Reggae band SOJA can become the first American act to win the Grammy Award for Best Reggae Album at this evening’s ceremony in Los Angeles.

The eight-member outfit earned a first Grammy nomination with their sixth album, Amid the Noise and the Haste.

They performed in Jamaica for the first time at last week’s Jamaica Jazz and Blues Festival in Trelawny.

The album is produced by Jamaican Dwayne ‘Supa Dups’ Chin-Quee. It features guest appearances from Damian Marley, J Boog, Collie Buddz and Michael Franti.

“We’re honoured to be nominated. Reggae music is our lives, and the Grammys are voted by musicians alone, so to tell us that what we’ve chosen to do with our lives is worthwhile in the eyes of our musical peers, it’s a huge deal,” Jacob Hemphill, SOJA lead vocalist and guitarist, told the Sunday Observer.

Commenting on the group’s Jamaican debut, Hemphill said: “Jamaica was incredible. I walked out of the airport and a guy walked up and said ‘so, you’re the white Bob Marley, huh’. I, of course, am not, but what a cool thing. The whole weekend went like that. It was incredible to feel those vibes.”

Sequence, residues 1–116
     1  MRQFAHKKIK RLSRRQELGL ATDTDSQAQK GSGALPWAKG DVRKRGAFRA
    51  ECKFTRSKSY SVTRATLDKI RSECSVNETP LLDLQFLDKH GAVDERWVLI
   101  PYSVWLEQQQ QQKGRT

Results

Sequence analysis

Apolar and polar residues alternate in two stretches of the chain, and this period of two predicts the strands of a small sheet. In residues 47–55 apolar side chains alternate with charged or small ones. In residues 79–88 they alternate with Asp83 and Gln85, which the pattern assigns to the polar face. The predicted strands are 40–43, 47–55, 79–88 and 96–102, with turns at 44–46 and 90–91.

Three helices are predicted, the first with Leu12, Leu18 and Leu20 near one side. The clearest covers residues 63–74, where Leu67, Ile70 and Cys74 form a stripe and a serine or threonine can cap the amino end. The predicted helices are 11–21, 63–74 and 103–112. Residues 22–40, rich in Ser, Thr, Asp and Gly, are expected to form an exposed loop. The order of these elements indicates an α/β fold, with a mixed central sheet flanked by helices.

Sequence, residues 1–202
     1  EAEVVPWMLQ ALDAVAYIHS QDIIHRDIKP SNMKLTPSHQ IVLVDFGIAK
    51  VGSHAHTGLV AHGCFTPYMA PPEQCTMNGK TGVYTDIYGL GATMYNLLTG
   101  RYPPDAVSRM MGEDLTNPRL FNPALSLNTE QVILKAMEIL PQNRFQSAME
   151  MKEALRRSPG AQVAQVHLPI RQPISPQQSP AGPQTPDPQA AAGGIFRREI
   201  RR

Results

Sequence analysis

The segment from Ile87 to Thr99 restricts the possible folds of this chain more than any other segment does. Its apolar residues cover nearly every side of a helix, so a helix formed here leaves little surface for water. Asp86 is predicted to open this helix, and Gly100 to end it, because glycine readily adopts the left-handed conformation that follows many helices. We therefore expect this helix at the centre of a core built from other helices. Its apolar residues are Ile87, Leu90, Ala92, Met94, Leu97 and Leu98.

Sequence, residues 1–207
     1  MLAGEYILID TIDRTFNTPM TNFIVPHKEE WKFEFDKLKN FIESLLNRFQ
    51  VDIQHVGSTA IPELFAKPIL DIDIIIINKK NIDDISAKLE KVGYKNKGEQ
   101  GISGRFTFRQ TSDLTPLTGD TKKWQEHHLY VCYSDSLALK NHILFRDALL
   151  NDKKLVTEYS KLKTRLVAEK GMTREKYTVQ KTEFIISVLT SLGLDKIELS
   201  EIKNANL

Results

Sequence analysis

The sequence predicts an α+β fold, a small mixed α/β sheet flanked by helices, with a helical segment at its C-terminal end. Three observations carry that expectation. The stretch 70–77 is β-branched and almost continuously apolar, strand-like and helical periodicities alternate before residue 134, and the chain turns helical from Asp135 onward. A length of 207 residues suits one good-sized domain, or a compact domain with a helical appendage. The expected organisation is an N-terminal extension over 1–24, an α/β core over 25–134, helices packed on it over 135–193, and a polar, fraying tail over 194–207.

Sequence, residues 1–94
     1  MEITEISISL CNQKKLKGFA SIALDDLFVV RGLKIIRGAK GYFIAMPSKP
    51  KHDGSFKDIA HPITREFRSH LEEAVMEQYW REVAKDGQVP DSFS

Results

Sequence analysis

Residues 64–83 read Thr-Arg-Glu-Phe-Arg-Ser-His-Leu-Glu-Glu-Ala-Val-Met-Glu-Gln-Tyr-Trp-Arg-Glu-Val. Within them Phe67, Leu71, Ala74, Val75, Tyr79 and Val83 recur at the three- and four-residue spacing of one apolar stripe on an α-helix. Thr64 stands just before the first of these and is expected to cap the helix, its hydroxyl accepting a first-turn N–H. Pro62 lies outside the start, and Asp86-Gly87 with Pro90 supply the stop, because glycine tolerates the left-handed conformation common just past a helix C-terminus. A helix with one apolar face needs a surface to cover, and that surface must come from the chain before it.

Amid the Noise and the Haste debuted at number one on the Billboard Reggae Album chart and number 20 on the Billboard 200 Album chart in August, with first-week sales of over 12,000 copies. To date, it has sold over 30,000 copies.

Since it was instituted in 1985, the Best Reggae Album category (formerly known as Best Reggae Recording) has been won once by a non-Jamaican act. British reggae band Steel Pulse won in 1987 for Babylon the Bandit.

Only two other American acts have been nominated in the category. Jewish reggae artiste Matisyahu was nominated in 2007 for the album Youth, while rapper Snoop Lion (formerly Snoop Dogg) was called last year for Reincarnated.

The 57th annual Grammy Awards takes place at Staples Centre. Other nominees in the Best Reggae Album category are Sly & Robbie featuring Spicy Chocolate (The Reggae Power); Ziggy Marley (Fly Rasta); Lee ‘Scratch’ Perry (Back on The Controls); Sean Paul (Full Frequency); and Shaggy (Out of Many, One Music ).
JamaicaObserver